Student Loan Bill Dies in Senate 56-38
A student loan bill that would’ve allowed borrowers to refinance their loans in return for higher taxes on the wealthy failed a Senate vote Wednesday 56 to 38.
If passed, Sen. Elizabeth Warren (D-MA)’s S.2432 – Bank of Students Emergency Loan Refinancing Act would have allowed millions to refinance their outstanding federal student loans at today’s lower interest rates (3.86 percent) in return for a 30 percent income tax on Americans grossing more than $1 million a year.
“Today is a really good day for billionaires,” Warren said after the vote, according to CBS News. “For the 40 million people dealing with student loan debt, it wasn’t such a good day. This raises the fundamental question, who does Washington work for? Does it work for those who can hire armies of lobbyists to make sure that every single loophole in the tax code is protected for them? Or does it work for young people who are trying to get started in life?”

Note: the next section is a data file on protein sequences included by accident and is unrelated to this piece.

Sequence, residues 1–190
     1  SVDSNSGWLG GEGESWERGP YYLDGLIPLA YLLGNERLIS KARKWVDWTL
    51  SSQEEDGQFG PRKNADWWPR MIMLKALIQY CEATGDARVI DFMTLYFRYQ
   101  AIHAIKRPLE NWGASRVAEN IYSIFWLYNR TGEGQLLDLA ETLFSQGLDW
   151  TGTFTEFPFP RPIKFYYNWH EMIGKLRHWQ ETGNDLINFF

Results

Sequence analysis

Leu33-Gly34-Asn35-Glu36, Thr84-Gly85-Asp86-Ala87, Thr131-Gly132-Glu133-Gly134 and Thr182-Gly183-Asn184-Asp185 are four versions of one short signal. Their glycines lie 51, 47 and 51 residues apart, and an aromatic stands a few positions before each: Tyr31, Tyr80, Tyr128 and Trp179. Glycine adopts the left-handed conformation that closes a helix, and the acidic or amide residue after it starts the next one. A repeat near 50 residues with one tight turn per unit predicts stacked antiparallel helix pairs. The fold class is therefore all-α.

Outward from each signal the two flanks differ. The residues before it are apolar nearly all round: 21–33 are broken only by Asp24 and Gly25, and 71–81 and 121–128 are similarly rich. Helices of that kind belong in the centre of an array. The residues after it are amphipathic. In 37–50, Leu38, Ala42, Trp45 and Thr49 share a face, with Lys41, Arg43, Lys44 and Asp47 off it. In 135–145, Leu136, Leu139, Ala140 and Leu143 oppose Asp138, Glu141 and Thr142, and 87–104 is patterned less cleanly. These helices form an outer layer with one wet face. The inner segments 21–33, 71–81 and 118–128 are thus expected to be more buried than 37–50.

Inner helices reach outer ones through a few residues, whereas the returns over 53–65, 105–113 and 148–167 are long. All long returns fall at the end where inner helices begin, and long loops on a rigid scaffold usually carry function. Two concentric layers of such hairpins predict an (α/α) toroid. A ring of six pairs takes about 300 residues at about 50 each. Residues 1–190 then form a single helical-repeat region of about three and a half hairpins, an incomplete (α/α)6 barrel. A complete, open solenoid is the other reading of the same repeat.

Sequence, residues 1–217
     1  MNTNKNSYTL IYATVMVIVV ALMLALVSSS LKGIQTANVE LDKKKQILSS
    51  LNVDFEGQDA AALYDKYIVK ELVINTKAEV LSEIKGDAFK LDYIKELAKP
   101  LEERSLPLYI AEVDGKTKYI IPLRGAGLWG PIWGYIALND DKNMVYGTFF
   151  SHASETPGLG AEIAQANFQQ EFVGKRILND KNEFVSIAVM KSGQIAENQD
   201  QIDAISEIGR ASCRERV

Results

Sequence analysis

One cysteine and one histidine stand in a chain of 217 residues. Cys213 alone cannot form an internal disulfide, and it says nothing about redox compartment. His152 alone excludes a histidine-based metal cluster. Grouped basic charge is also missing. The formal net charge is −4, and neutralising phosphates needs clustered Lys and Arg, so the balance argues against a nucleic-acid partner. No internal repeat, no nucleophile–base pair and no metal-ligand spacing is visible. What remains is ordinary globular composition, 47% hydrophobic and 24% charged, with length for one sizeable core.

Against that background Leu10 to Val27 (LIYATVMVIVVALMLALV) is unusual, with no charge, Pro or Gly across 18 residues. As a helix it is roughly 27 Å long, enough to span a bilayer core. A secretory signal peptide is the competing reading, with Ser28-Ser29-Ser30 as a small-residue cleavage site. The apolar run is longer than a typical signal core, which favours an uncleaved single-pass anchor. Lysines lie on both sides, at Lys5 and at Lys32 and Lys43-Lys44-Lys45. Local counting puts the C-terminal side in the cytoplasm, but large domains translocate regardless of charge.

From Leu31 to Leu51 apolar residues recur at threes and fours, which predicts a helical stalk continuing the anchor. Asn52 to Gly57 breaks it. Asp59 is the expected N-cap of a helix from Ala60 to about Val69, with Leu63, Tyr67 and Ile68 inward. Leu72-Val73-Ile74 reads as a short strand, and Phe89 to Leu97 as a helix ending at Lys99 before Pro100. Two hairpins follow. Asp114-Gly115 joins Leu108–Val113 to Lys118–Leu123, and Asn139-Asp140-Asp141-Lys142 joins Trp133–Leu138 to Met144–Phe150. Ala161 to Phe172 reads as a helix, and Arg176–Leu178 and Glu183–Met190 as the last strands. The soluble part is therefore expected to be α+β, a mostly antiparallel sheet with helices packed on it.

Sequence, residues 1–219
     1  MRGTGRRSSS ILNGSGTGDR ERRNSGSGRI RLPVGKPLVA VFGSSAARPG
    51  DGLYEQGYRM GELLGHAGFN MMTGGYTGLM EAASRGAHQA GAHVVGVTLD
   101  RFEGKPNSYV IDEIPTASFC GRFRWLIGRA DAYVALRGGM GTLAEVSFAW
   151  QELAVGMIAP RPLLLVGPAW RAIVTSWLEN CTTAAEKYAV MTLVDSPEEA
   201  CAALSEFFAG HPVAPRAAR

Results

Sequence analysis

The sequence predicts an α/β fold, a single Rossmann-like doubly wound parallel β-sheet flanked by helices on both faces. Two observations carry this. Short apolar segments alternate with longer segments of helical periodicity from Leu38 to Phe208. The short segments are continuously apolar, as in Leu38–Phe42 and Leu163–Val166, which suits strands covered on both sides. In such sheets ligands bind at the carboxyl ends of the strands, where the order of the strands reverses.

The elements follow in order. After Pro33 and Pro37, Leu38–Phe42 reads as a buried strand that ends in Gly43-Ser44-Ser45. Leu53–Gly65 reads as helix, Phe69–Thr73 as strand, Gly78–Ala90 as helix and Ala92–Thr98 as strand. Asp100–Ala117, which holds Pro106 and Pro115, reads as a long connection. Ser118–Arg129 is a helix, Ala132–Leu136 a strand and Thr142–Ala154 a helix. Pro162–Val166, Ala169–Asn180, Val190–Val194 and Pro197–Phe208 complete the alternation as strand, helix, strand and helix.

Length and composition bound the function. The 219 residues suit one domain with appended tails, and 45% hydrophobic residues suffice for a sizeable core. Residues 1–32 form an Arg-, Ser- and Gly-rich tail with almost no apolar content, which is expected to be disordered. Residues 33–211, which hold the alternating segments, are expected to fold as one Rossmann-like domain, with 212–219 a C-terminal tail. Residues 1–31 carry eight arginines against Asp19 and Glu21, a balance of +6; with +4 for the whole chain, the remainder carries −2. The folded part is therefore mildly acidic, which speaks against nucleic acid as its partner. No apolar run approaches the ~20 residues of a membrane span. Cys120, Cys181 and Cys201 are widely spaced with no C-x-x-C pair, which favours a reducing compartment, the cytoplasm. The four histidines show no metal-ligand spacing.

Only three Republicans voted in favor of the bill: Bob Corker (R-TN), Susan Collins (R-ME) and Lisa Murkowski (R-AK). The bill needed 60 votes to move on to the next phase.
“Students can understand that this bill won’t make college more affordable,” Senate Republican leader Mitch McConnell (R-KY) told Reuters. “They understand it won’t reduce the amount of money they have to borrow. And students know it won’t do a thing to fix the economy that’s depriving so many young Americans of jobs.”
President Obama, who signed an executive order Monday easing payments under the Depart of Education’s “pay as you earn” program, spoke about the failed vote during a high school graduation ceremony in Massachusetts.
“When a bill to help you pay off your college doesn’t pass, it’s a disservice not only to your generation but to our history as a nation that strives to put quality education within the reach of every American,” he said, according to Reuters. “So we’re going to have to keep on putting pressure on Congress.”
Reuters and CBS News contributed to this story.
Photo credit: Michael Dwyer/AP